News & Commentary

June 22, 2020

Mackenzie Bouverat

Mackenzie Bouverat is a student at Harvard Law School.

As the country celebratesimprovedrates of employment, many states restrict unemployment benefit eligibility. The Virginia Employment Commission has suspended the employment benefits of over 12,000 claimants who refuse to return to work as restrictions on business are lifted across the state; unless such claimants are able to prove extenuating circumstances justifying their work refusal, they will be judged ineligible for benefits. Following many other states, the commission’s website invites employers to report employees who refuse to return to work. Ohio has also announced its plan to deny unemployment benefits for claimants refusing to return to work, but fail to meet enumerated criteria, including: exposure to the coronavirus, proving that their employer has failed to follow coronavirus safety protocols, being older than sixty-five, or caring for an infected family member. New Jersey also issued guidance which indicates that those refusing to work will no longer be eligible for unemployment benefits. Texas and Missouri now require claimants to prove that they are actively searching for work by July 6th and July 4th, respectively.

As various groups coalesce in protest of forced prison labor, the University of Florida has committed to stop ’employing’ imprisoned people in its agricultural operations; the University of Colorado has announced its plan to ‘reconsider’ its practice of purchasing furniture made by inmates; and Los Angeles Councilwoman Monica Rodriguez has introduced a motion to prohibit the city of from purchasing goods manufactured by prison labor. But these small concessions are overshadowed by Louisiana’s turn to prisoners to replace striking or sick workers throughout the coronavirus crisis: striking New Orleans sanitation workers were replaced by prisoners in late May; meatpacking plants with high absenteeism have also turned to local prison populations to staff their operations.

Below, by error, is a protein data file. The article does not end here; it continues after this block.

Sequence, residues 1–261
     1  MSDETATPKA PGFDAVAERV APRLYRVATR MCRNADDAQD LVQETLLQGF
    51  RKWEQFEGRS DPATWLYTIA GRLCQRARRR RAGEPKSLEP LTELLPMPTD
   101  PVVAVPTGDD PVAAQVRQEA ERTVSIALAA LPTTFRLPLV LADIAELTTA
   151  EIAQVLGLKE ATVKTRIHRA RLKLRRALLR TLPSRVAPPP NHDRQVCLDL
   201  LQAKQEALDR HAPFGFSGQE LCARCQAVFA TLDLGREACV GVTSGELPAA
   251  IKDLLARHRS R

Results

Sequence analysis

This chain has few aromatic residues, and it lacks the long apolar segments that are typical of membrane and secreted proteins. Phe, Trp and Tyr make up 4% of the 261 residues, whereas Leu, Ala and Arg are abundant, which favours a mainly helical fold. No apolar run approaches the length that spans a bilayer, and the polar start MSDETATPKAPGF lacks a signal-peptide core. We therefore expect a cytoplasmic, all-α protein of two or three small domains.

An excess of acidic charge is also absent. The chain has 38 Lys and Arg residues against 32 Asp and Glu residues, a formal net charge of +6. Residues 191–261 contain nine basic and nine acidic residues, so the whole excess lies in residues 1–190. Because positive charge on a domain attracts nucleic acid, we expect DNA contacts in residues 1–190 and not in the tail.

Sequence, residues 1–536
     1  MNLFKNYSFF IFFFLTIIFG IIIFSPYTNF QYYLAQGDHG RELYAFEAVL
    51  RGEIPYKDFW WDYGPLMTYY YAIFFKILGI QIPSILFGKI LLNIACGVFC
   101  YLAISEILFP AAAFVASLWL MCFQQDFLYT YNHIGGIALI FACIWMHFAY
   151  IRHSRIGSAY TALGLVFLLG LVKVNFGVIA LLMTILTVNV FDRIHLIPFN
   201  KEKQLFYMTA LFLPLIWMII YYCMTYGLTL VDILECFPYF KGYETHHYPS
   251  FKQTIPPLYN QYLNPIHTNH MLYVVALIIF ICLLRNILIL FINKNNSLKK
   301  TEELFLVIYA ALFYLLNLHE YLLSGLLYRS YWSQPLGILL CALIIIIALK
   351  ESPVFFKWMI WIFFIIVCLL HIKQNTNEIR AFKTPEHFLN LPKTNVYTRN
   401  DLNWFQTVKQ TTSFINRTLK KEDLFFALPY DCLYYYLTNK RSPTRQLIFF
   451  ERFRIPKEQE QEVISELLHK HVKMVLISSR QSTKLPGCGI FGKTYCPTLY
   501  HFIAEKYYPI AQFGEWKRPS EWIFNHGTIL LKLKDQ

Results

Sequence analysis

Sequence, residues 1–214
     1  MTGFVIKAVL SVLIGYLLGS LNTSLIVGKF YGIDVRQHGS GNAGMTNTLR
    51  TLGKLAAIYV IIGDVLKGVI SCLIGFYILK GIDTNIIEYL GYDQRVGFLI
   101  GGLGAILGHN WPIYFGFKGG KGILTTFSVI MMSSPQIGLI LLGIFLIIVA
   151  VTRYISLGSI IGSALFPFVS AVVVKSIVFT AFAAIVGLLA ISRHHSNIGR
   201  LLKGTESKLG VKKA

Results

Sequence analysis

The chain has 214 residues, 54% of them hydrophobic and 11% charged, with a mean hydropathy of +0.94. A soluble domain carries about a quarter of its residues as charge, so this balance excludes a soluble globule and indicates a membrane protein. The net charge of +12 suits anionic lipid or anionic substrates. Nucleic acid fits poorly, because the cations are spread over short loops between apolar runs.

In order to ‘protect jobs for American citizens,’ Trump has announced impending new restrictions on H-1B, L-1, H-2B, J-1 visas, and OPT authorization, to be formally announced on either June 21 or June 22. The order does not apply to the H-2A program, which allows U.S. companies to hire temporary agricultural workers from outside of the country. When asked, Trump indicated that there would be few exceptions to the restrictions: “You need them for big businesses where they have certain people that have been coming in for a long time, but very little exclusion and they’re pretty tight,” he said. “And we may even go very tight for a period of time.” The restrictions are expected to last, at a minimum, until the end of the calendar year. Those who are already employed in the US under various work visas will be unaffected.

According to the Wall Street Journal, women are likelier than men to have lost jobs as a consequence of the coronavirus pandemic. The journal attributes the disparity to the fact that service-sector jobs are disproportionately occupied by women–and the service industry has “suffered the brunt of losses” during the economic crisis. But these unemployed women are not left idle; per The Guardian, millions of women have–as a result of the pandemic–taken on unpaid care work for older, disabled or seriously ill relatives.

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